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TALKING TRASH // Sheriff's deputy finds trash talks

Published Jul. 6, 2006

Hillsborough Sheriff's Deputy Wayne Daniels almost missed the pile. Driving along Harney Road, he saw the tire tracks just as he passed them. Then he slammed his truck around and pulled onto the grass.

"Fresh tracks," he said.

The mud prints stretched from an interstate overpass to the side of the road, where grass had been trampled in four paths.

Tandem wheels.

Someone took off in a double-wheeled vehicle, Daniels figured.

Whoever sped off left behind two mounds of trash: a gas water heater, a fiberglass shower, a kitchen sink, a step ladder, a faded luggage bag, empty containers of paint.

Daniels, a 6-foot-7 sheriff's deputy in cowboy boots, had found his crime. The 23-year veteran works for the environmental crimes unit of the Hillsborough sheriff's office, a staff of seven deputies who track down polluters and trash dumpers.

Daniels, who worked the streets and trained K-9 dogs for 18 years, says environmental crime-fighting is just like any other detective work: He searches the crime scene for clues, examines evidence and evaluates suspects.

Daniels' unit arrests about 50 polluters a month, said Sgt. Ron Hartley of the special operations division. Most of the busts come from dumpers who abandon tires or hazardous materials.

The environment suffers, Hartley said, but so do taxpayers. Florida law requires the county or a landowner to clear garbage even if they did not dump it. Authorities can fine polluters $150 for civil crimes or punish serious offenses with as much as 15 years in jail, Hartley said.

One way to help reduce illegal dumping, some officials believe, is to make trash pickup mandatory for Hillsborough residents via an annual charge on tax bills. The thinking goes that if people are forced to pay, they will go ahead and use garbage collection service, instead of dumping illegally for convenience or to save a few dollars.

But those who find ways to legally dispose of their garbage without hiring private haulers oppose such charges.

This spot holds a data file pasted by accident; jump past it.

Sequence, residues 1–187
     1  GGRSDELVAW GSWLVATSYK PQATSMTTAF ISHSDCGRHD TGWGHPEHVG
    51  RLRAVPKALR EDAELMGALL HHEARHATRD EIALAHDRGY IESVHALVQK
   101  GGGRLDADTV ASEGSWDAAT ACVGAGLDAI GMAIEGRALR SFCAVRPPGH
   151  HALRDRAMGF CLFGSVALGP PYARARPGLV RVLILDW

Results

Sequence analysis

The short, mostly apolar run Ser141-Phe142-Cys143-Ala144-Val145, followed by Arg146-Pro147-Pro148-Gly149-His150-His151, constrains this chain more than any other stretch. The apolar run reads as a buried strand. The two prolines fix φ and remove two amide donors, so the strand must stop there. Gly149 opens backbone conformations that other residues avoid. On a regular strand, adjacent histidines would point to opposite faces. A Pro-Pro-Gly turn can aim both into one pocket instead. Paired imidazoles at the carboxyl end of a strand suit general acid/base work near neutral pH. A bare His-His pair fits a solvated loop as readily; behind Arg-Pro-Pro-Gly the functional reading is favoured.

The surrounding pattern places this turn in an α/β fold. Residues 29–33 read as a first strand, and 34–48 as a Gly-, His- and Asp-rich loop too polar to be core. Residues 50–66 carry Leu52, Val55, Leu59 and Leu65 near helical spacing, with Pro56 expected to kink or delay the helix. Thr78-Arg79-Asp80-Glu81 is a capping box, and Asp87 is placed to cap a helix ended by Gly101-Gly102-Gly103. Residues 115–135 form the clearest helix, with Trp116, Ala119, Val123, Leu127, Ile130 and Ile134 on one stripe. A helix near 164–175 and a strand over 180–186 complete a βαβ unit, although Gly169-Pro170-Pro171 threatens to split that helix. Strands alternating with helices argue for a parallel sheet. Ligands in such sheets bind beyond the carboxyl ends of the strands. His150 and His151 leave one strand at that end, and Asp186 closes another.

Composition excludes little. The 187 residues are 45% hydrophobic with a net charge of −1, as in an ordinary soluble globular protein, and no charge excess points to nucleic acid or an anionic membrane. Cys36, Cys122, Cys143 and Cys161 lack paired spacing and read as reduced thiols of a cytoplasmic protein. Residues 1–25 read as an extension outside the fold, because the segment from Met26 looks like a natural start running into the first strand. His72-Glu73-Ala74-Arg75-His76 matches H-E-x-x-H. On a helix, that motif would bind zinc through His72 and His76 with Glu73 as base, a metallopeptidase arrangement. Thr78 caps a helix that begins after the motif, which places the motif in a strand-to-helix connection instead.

A morning with the environmental cops began last week with roll call in Ybor City.

Enforcement officers from the Hillsborough solid waste department, the Environmental Protection Commission and Tampa police meet twice a month to share stories about cases.

Then, the cops break up and head out to the woods and byways.

Daniels pulls into his territory in north Hillsborough in a GMC 4-by-4 with a shotgun in back. Like a vice squad officer who knows what corners to check for drug deals, Daniels knows where he can find dump sites.

Most of Daniels' stops came up clean last week. Land owned by a Pinellas church remained littered with construction material, but none of it looked new. On another parcel, Daniels found a stolen Coke machine standing in the middle of a pine grove. The Cokes were missing.

Days often end this way, with no busts, Daniels said. Deputies seldom catch polluters in the act. Instead, deputies identify dumpers by the clues they leave behind.

On this Wednesday, even that seemed too much. Daniels had pointed his truck back to Ybor when he spotted the day's find.

"This could be a big case," he said.

Early Wednesday, a truck had backed up into bushes by Interstate 75 and unloaded about 500 pounds of construction material, which appeared to come from a remodeling job.

"That is downright brazen," he said.

Bold, but not too clever.

Right away Daniels spotted boxes from Home Depot with a customer order number. With some luck, he will be able to trace the number.

A man had written his name and Social Security number on the box. The same man also identified his name and Social Security number on a military-style coat bag left in the trash.

"They get careless," Daniels said.

He photographed the scene with two cameras, making sure to snap a picture of the tire tracks. He took note of a house nearby, where neighbors might have seen someone dumping. He placed evidence in a sealed envelope.

Then he dug some more.

Yellow butterflies fluttered past the stench.

Then, in a find he later described as the most unusual of his five years on the environment unit, Daniel pulled out a tag from a TECO electric meter.

Every tag includes an ID number. The identification should tell Daniels where the trash originated. Once he knows that, he can ask the landowner who dumped his trash and when.

"Now that's a screw-up," he said.